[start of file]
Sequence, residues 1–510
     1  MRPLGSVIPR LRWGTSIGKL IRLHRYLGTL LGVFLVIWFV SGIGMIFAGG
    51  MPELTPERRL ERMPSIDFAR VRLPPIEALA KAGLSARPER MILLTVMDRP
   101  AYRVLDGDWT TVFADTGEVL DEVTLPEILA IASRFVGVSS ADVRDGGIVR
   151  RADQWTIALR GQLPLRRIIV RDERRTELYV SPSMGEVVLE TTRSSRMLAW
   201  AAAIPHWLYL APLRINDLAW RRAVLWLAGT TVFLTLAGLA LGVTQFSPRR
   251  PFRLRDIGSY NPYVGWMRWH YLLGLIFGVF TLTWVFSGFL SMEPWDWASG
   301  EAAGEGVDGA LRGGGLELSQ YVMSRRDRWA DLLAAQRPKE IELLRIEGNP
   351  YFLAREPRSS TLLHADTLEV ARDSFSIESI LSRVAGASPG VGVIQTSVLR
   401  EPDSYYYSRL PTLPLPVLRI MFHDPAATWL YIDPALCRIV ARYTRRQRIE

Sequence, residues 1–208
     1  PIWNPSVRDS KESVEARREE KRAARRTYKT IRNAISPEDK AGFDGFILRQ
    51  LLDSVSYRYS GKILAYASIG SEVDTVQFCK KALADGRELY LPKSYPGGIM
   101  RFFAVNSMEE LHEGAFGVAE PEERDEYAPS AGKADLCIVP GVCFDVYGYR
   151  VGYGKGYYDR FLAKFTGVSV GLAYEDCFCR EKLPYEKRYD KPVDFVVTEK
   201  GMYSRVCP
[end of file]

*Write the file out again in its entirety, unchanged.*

Sequence, residues 1–510
     1  MRPLGSVIPR LRWGTSIGKL IRLHRYLGTL LGVFLVIWFV SGIGMIFAGG
    51  MPELTPERRL ERMPSIDFAR VRLPPIEALA KAGLSARPER MILLTVMDRP
   101  AYRVLDGDWT TVFADTGEVL DEVTLPEILA IASRFVGVSS ADVRDGGIVR
   151  RADQWTIALR GQLPLRRIIV RDERRTELYV SPSMGEVVLE TTRSSRMLAW
   201  AAAIPHWLYL APLRINDLAW RRAVLWLAGT TVFLTLAGLA LGVTQFSPRR
   251  PFRLRDIGSY NPYVGWMRWH YLLGLIFGVF TLTWVFSGFL SMEPWDWASG
   301  EAAGEGVDGA LRGGGLELSQ YVMSRRDRWA DLLAAQRPKE IELLRIEGNP
   351  YFLAREPRSS TLLHADTLEV ARDSFSIESI LSRVAGASPG VGVIQTSVLR
   401  EPDSYYYSRL PTLPLPVLRI MFHDPAATWL YIDPALCRIV ARYTRRQRIE

Sequence, residues 1–208
     1  PIWNPSVRDS KESVEARREE KRAARRTYKT IRNAISPEDK AGFDGFILRQ
    51  LLDSVSYRYS GKILAYASIG SEVDTVQFCK KALADGRELY LPKSYPGGIM
   101  RFFAVNSMEE LHEGAFGVAE PEERDEYAPS AGKADLCIVP GVCFDVYGYR
   151  VGYGKGYYDR FLAKFTGVSV GLAYEDCFCR EKLPYEKRYD KPVDFVVTEK
   201  GMYSRVCP